doliorum and Messekunst Archimedis. At the end of 1617 Kepler successfully defended his
mother, who had been accused of witchcraft. In 1619 he published his principal
philosophical work, the Harmonice mundi(=HM), and wrote, partially at the same time,
the Epitome astronomiae copernicanae (=EAC). In 1624 Kepler continued his investigations
on mathematics, publishing his work on logarithms (Chilias logarithmorum…).
In pursuit of an accurate printer for the Tabulae Rudolphinae, he moved to Ulm near the end
of 1626 and remained there until the end of 1627. In July 1628 he went to Sagan to enter the
service of Albrecht von Wallenstein (1583–1634). He died on November 15, 1630 at
Regensburg, where he was to present his financial claims before the imperial authorities (for
Kepler's life, Caspar's biography (1993) is still the best work. KGW 19 contains
biographically relevant documents).

2. Philosophy, theology, cosmology


There is probably no such thing as “Kepler's philosophy” in any pure form. Nevertheless,
many attempts to deal with the “philosophy of Kepler” have been made, all of which are very
valuable in their own way. Some studies have concentrated on a particular text (see, for
instance, Jardine 1988, for the Defense of Tycho against Ursus), or have followed some
particular ideas of Kepler over a longer period of his life and scientific career (see, for
instance, Martens 2000, on Kepler's theory of the archetypes). Others have tried to determine
from a philosophical point of view his place in the development of the astronomical
revolution from the 15th to the 17th centuries (Koyré 1957 and 1961) or in the more general
context of the scientific movement of the 17th century (Hall, 1963 and especially Burtt,
1924). Still others have discussed a long list of philosophical principles operating in Kepler's
scientific world, and have claimed to have found, by means of such an analysis, compelling
evidence for the interaction between science, philosophy, and religion (Kozhamthadam,
1994). If, in the particular case of Kepler, philosophy is immediately related to astronomy,
mathematics and, finally, “cosmology” (a notion which arises much later), the core of these
speculations is to be sought in the spectrum of problems with which he dealt in
his Mysterium Cosmographicum and Harmonice Mundi (on this topic, Field 1988 is one of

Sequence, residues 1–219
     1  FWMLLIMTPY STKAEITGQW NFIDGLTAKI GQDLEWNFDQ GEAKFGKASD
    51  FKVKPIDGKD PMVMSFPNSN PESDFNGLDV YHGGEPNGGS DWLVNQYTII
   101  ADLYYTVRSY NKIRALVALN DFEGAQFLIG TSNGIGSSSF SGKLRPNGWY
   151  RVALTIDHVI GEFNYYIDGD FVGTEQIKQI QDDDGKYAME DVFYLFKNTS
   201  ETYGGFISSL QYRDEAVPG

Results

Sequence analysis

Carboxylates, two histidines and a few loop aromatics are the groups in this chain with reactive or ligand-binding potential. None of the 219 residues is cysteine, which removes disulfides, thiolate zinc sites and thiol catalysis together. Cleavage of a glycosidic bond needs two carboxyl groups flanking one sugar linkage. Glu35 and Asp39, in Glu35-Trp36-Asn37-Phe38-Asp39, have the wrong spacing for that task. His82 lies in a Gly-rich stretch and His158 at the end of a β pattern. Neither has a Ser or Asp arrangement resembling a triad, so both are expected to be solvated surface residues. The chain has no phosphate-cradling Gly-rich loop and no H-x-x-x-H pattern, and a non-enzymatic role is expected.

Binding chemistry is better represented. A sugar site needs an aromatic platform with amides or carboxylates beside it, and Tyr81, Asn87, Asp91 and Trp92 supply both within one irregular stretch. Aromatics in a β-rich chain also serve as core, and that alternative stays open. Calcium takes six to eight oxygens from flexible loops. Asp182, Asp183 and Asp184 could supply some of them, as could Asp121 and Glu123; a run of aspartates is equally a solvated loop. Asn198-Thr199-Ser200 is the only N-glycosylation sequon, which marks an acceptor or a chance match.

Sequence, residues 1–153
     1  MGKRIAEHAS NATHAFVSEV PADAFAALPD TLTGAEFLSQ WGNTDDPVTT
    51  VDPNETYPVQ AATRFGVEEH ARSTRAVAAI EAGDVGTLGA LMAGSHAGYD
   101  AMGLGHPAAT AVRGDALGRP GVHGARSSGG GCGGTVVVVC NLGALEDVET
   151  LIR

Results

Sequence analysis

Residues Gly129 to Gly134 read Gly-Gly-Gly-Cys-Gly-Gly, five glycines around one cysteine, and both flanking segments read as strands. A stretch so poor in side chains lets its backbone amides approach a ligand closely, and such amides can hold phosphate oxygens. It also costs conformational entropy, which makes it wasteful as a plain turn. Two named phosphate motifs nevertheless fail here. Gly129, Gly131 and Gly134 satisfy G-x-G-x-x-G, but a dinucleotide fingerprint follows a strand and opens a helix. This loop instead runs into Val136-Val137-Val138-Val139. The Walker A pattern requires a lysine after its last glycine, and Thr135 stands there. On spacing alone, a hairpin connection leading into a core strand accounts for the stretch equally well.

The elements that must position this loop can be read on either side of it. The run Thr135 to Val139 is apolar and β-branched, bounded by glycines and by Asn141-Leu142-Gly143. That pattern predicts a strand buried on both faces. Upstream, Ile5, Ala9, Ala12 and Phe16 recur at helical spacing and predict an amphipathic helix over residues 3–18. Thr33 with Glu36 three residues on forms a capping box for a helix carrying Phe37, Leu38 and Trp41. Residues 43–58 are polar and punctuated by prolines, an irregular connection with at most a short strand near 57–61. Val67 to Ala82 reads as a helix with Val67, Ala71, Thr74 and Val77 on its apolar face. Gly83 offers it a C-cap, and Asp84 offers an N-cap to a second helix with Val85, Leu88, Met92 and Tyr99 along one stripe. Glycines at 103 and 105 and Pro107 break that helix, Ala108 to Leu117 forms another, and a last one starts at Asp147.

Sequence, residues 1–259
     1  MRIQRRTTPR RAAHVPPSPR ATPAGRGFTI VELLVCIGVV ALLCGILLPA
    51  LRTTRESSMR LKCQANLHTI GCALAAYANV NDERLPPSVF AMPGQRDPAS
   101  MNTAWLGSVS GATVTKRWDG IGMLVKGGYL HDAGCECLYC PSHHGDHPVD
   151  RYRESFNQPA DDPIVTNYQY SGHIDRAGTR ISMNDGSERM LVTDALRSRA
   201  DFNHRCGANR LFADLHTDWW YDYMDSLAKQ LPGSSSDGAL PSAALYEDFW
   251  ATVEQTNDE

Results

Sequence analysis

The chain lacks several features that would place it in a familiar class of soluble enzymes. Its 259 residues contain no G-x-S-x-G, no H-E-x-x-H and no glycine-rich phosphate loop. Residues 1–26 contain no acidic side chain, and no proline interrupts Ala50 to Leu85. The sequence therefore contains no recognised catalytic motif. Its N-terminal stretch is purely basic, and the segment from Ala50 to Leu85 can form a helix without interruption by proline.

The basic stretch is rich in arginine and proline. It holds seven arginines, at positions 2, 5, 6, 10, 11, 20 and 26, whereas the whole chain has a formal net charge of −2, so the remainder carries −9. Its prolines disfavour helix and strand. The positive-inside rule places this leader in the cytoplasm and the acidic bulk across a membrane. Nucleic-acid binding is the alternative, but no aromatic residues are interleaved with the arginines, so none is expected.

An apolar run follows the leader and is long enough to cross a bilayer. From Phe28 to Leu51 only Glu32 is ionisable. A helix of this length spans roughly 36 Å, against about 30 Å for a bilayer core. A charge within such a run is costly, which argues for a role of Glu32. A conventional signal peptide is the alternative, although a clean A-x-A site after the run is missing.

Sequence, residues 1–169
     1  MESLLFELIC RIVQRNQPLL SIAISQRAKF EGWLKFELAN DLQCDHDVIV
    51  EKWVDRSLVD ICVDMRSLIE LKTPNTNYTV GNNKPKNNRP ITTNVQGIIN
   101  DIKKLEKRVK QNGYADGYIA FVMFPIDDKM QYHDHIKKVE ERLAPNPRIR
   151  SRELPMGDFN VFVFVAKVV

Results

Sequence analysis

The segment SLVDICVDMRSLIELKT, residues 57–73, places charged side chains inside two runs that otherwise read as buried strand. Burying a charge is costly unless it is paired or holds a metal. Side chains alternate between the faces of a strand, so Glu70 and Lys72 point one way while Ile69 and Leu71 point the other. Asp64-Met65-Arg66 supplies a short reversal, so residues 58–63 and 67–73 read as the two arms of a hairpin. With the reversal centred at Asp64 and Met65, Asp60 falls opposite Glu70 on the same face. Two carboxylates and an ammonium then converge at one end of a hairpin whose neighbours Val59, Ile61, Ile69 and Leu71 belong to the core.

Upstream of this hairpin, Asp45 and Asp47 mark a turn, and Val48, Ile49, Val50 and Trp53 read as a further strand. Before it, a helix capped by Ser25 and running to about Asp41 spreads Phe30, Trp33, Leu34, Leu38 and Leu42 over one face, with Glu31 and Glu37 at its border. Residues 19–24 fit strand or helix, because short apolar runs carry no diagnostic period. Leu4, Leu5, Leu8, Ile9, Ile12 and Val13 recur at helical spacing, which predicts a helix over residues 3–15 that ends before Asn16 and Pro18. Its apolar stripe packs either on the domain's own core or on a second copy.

the most representative works on Kepler). In addition, because of the particular
circumstances of his life and his fascinating personality and genius, the literature on Kepler
is extremely wide-ranging, covering a spectrum from literary pieces like Max Brod's Tycho
Brahes Weg zu Gott (1915)—though still not free from mistakes concerning Kepler—to
general introductions in the genre of historical novels, and even fictional stories and
charlatanry on astrology or, running for some years now, portraying him as the assassin of
Tycho Brahe. However, according to recent reports, it is still a matter of controversy whether
Tycho was assassinated at all (see the report at phys.org).
Kepler mastered, like the best scientists, the most complicated technical issues, especially in
astronomy, but he always emphasized his philosophical, even theological, approach to the
questions he dealt with: God manifests himself not only in the words of the Scriptures but
also in the wonderful arrangement of the universe and in its conformity with the human
intellect. Thus, astronomy represents for Kepler, if done philosophically, the best path to God
(see Hübner 1975; Methuen 1998 and 2009; Jardine 2009). As Kepler at the core of his
greatest astronomical work confesses (AN, Part II, chap. 7, KGW 6, p. 108, Engl. trans., p.
183), at the beginning of his career he “was able to taste the sweetness of philosophy … with
no special interest whatsoever in astronomy.” And, even in his later work, after having
calculated many ephemerides and different astronomical data, Kepler writes in a letter of
February 17, 1619 to V. Bianchi: “I also ask you, my friends, that you do not condemn me to
the treadmill of mathematical calculations; allow me time for philosophical speculation, my
only delight!” (KGW 17, let. N° 827, p. 327, lin. 249– 51).
Especially where Kepler deals with the geometrical structure of the cosmos, he always
returns to his Platonic and Neoplatonic framework of thought. Thus, the polyhedral
hypothesis (see Section 3 below) he postulated for the first time in his MC represents a kind
of “formal cause” constituting the foundational structure of the universe. In addition, an
“efficient cause,” which realizes this structure in the corporeal world, is also needed. This is,
of course, God the Creator, who accomplished His work according to the model of the five
regular polyhedra. Kepler reinterprets the traditional statements about the Creation as an
image of the Creator giving to the ancient ideas a more systematic and a quantitative
character. Even the doctrine of the Trinity could be geometrically represented, taking the
center for the Father, the spherical surface for the Son, and the intermediate space, which is
mathematically expressed in the regularity of the relationship between the point and the
surface, for the Holy Spirit. In Kepler's model, we have to be able to reduce all appearances